He bore away the bell.

             Now welcome Whitsuntide was come,
               And boys with merry hearts
             Were gone to visit dear mamma,
               And eat her pies and tarts.

             As soon as Jehu saw his sire,
               “A boon! a boon!” he cried;
             “O, if I am your darling boy,
               Let me not be denied.”

             “My darling boy indeed thou art,”
               The father wise replied;
             “So name the boon; I promise thee
               It shall not be denied.”

             “Then give me, sir, your long-lashed whip,
               And give your gig and pair,
             To drive alone to yonder town,
               And flourish through the fair.”

             The father shook his head; “My son,
               You know not what you ask;
             To drive a gig in crowded streets
               Is no such easy task.

             “The horses, full of rest and corn,
               Scarce I myself can guide;
             And much I fear, if you attempt,
               Some mischief will betide.

             “Then think, dear boy, of something else,
               That’s better worth your wishing;
             A bow and quiver, bats and balls,
               A rod and lines for fishing.”

             But nothing could young Jehu please
               Except a touch at driving;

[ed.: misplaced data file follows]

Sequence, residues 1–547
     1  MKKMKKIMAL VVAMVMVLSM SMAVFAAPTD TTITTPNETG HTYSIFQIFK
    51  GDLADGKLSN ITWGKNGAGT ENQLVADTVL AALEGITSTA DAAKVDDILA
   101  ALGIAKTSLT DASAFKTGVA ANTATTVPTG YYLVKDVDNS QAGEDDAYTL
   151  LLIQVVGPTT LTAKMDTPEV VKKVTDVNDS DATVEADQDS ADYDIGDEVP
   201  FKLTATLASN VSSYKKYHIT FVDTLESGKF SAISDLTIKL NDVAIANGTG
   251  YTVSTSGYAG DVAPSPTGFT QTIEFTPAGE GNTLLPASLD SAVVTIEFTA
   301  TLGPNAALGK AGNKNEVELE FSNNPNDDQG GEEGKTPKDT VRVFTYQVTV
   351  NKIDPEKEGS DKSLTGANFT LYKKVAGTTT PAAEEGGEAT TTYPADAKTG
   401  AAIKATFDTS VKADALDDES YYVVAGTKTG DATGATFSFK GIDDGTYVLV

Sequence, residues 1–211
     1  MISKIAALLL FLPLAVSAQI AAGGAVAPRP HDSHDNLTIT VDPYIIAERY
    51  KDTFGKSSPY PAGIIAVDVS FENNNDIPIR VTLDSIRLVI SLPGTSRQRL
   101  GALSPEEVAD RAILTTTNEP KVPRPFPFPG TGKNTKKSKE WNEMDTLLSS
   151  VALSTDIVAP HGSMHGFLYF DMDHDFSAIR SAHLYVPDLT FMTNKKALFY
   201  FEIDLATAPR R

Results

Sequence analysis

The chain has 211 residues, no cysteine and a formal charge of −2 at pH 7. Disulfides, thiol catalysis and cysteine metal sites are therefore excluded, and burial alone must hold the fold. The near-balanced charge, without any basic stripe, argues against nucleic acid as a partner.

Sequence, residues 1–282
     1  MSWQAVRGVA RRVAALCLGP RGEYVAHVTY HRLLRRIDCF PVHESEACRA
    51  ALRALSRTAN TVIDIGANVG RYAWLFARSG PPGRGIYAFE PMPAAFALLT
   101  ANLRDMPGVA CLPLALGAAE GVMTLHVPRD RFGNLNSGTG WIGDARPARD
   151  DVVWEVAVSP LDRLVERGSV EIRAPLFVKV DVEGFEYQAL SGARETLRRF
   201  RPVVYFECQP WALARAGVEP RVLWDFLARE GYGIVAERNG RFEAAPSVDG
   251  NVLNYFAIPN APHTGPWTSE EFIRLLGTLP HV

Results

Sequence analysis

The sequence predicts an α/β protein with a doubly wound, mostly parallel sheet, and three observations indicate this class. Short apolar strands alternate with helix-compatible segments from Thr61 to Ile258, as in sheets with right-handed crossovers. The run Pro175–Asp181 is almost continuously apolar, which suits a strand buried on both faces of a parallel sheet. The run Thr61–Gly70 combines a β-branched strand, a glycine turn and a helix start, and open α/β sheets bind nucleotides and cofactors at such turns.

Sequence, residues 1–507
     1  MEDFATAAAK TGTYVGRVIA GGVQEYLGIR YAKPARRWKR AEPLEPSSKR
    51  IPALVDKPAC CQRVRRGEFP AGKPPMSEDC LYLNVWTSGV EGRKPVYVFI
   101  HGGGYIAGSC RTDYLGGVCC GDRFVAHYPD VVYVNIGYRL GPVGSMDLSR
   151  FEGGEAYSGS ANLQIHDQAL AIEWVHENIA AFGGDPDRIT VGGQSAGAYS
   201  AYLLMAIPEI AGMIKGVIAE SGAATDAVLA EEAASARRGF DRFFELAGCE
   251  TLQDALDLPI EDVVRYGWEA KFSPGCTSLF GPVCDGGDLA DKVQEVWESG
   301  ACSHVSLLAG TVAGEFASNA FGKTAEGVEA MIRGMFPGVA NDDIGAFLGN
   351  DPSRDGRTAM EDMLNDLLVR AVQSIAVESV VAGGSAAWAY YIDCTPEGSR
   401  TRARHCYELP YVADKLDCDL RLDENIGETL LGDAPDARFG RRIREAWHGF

‘Twas all in vain, his father found,
               To spend his breath in striving.

             “At least, attend, rash boy!” he cried,
               “And follow good advice,
             Or in a ditch both gig and you
               Will tumble in a trice.

             “Spare, spare the whip, hold hard the reins.
               The steeds go fast enough;
             Keep in the middle beaten track,
               Nor cross the ruts so rough:

             “And when within the town you come,
               Be sure, with special care,
             Drive clear of signposts, booths, and stalls
               And monsters of the fair.”

             The youth scarce heard his father out,
               But roared—“Bring out the whiskey!”
             With joy he viewed the rolling wheels,
               And prancing ponies frisky.

             He seized the reins, and up he sprung,